$56 billion for an unwanted broadband network but no money for infant vaccines?
A VACCINE that provides the best protection from potentially fatal infant pneumococcal disease has been deferred for children over one because of federal government cuts to the Pharmaceutical Benefits Scheme.
Parents will be forced to pay up to $150 to ensure toddlers are immunised against the potentially deadly infant pneumococcal disease because of a Budget crackdown on medicines.
Federal Cabinet last month approved Prevenar 13 to be listed on the PBS from April 1, but decided not to approve the "catch-up" dose for children previously immunised.
The catch-up program is designed to ensure children aged 12 to 35 months, who have received three doses of Prevenar 7 in their first year of life, are also offered the new vaccine that offers protection against more strains.
Medical experts have accused the Federal Government of "health rationing by stealth" after moves to restrict the number of drugs it subsidises until the Budget is back in surplus.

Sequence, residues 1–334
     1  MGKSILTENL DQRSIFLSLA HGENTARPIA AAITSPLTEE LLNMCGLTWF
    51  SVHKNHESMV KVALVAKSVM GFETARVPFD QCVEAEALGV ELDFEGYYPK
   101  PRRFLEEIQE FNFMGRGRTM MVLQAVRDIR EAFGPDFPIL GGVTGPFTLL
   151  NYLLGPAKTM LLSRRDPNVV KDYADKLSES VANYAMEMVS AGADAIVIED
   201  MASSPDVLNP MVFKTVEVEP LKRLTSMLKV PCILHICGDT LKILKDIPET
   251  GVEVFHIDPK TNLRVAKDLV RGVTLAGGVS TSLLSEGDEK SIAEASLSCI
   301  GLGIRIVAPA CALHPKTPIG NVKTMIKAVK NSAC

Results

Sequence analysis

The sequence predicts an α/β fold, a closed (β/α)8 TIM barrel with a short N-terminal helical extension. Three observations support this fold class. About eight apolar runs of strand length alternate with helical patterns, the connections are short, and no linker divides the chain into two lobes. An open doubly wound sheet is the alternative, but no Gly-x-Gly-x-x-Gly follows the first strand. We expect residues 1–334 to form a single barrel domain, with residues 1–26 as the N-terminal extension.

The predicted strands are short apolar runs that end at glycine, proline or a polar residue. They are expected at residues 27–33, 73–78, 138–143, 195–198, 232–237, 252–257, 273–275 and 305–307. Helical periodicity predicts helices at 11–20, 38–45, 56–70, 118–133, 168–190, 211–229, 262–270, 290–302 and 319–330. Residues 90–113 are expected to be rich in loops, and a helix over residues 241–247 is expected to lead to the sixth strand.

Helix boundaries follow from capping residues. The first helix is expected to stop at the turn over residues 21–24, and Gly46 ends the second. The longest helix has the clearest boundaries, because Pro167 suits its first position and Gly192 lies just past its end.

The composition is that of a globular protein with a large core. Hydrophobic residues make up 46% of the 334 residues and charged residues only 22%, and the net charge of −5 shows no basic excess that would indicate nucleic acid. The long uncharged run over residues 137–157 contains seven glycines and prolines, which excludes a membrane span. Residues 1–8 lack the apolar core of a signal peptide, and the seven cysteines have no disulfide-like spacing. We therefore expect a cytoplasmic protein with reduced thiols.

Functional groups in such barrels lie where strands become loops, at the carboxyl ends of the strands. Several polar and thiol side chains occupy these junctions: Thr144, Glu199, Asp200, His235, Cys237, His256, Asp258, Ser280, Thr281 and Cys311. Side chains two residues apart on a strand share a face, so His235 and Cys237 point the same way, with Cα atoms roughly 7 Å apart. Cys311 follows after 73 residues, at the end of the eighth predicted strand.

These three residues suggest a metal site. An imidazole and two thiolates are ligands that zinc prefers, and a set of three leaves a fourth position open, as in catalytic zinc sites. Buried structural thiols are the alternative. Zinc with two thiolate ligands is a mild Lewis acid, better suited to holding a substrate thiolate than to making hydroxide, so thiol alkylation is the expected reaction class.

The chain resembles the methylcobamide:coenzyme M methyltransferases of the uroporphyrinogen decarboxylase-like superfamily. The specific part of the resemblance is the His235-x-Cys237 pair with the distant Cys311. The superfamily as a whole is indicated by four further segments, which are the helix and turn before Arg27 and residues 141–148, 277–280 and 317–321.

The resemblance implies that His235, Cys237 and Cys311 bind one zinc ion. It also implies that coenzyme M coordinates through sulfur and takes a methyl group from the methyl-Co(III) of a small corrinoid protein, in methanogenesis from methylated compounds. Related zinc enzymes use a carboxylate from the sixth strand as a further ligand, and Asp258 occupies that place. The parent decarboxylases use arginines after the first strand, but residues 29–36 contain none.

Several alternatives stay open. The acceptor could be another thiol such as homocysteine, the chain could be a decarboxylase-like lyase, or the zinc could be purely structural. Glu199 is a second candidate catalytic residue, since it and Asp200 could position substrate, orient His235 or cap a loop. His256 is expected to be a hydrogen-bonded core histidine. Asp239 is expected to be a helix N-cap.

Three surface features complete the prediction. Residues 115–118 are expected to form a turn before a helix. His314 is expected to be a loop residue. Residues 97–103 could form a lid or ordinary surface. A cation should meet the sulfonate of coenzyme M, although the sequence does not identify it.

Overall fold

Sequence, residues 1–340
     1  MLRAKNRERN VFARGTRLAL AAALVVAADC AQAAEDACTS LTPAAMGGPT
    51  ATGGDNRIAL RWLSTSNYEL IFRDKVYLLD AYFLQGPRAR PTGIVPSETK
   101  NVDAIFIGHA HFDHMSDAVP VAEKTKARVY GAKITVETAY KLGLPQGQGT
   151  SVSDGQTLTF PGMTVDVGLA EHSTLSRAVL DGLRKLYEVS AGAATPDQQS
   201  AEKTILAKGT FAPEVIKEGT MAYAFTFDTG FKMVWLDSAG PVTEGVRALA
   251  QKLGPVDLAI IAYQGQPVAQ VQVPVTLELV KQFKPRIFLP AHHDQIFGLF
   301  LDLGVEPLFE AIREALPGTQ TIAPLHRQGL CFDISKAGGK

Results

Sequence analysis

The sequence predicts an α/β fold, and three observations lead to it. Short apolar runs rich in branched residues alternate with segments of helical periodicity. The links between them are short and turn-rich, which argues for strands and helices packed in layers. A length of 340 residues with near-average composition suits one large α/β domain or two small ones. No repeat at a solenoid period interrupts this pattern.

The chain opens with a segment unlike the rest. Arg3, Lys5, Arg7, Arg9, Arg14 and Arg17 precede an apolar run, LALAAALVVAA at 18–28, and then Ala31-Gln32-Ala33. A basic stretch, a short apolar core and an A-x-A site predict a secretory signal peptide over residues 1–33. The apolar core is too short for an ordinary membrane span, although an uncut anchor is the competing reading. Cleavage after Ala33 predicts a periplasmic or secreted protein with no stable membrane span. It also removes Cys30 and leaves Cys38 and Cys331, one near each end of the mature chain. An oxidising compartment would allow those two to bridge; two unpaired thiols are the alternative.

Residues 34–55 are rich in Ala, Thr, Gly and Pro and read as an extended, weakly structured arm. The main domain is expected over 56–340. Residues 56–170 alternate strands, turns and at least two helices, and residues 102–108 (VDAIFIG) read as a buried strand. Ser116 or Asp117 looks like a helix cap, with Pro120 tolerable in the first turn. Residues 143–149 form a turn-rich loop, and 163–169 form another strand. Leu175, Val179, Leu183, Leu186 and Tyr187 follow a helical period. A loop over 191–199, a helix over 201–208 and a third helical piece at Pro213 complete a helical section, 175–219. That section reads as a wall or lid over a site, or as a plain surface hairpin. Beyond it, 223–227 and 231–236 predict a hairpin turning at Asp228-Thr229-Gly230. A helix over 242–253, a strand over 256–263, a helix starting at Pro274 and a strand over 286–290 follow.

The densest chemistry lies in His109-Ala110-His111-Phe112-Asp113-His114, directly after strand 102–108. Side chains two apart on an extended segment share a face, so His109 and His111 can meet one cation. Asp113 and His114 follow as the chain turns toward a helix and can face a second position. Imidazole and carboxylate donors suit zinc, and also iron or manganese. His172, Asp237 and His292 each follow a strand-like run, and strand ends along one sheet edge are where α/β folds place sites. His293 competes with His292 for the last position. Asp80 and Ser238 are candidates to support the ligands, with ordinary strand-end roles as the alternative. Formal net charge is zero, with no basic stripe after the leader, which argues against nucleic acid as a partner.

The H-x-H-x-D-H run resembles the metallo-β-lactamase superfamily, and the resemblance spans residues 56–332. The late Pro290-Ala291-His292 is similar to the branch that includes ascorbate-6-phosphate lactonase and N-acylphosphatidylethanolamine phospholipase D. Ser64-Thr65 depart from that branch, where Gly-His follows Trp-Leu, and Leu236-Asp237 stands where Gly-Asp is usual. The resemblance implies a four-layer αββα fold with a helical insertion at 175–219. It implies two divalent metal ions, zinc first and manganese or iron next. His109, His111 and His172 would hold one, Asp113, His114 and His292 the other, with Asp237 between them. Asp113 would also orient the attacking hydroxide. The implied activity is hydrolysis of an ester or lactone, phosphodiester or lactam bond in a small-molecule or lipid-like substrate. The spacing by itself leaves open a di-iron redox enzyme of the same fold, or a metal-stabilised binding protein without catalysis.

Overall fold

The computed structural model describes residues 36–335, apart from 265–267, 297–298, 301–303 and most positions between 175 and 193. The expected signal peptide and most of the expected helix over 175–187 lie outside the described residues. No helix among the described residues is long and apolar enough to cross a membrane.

All prescription drugs recommended for listing on the PBS will have to jump an additional hurdle -- approval by Cabinet -- as part of a spending crackdown. Previously, only drugs recommended for listing that cost the Government more than $10 million a year were taken to Cabinet.
Cabinet has broken with tradition by not accepting the advice of its PBS advisory committee to list seven new drugs and a vaccine last month. It instead "deferred" a decision on the drugs, which include a painkiller and the pneumococcal vaccine.
Australian Medical Association federal vice-president Steven Hambleton said it was a case of "health rationing by stealth" and Cabinet should not intervene.
But Health Minister Nicola Roxon said: "Given the current difficult fiscal circumstances, I feel it is appropriate to subject all government decisions that have a fiscal impact to scrutiny."